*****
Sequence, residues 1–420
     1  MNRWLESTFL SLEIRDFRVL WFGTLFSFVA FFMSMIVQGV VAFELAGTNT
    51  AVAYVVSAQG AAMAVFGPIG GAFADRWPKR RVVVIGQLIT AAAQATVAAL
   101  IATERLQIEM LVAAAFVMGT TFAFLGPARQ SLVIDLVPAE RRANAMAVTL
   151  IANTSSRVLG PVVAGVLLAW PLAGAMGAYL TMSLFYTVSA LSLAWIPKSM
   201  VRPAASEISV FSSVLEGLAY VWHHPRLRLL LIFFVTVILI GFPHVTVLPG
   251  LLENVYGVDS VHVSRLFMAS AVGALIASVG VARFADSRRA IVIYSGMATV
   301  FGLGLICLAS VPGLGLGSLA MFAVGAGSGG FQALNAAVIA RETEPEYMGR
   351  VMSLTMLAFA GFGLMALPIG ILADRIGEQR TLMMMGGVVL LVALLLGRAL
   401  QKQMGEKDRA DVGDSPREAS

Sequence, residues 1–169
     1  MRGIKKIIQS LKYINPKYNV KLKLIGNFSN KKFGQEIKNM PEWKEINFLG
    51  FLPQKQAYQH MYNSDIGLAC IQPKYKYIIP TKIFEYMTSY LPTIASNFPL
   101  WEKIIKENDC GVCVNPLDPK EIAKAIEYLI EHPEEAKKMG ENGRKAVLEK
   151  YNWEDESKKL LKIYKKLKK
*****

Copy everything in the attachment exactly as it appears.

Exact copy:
Sequence, residues 1–420
     1  MNRWLESTFL SLEIRDFRVL WFGTLFSFVA FFMSMIVQGV VAFELAGTNT
    51  AVAYVVSAQG AAMAVFGPIG GAFADRWPKR RVVVIGQLIT AAAQATVAAL
   101  IATERLQIEM LVAAAFVMGT TFAFLGPARQ SLVIDLVPAE RRANAMAVTL
   151  IANTSSRVLG PVVAGVLLAW PLAGAMGAYL TMSLFYTVSA LSLAWIPKSM
   201  VRPAASEISV FSSVLEGLAY VWHHPRLRLL LIFFVTVILI GFPHVTVLPG
   251  LLENVYGVDS VHVSRLFMAS AVGALIASVG VARFADSRRA IVIYSGMATV
   301  FGLGLICLAS VPGLGLGSLA MFAVGAGSGG FQALNAAVIA RETEPEYMGR
   351  VMSLTMLAFA GFGLMALPIG ILADRIGEQR TLMMMGGVVL LVALLLGRAL
   401  QKQMGEKDRA DVGDSPREAS

Sequence, residues 1–169
     1  MRGIKKIIQS LKYINPKYNV KLKLIGNFSN KKFGQEIKNM PEWKEINFLG
    51  FLPQKQAYQH MYNSDIGLAC IQPKYKYIIP TKIFEYMTSY LPTIASNFPL
   101  WEKIIKENDC GVCVNPLDPK EIAKAIEYLI EHPEEAKKMG ENGRKAVLEK
   151  YNWEDESKKL LKIYKKLKK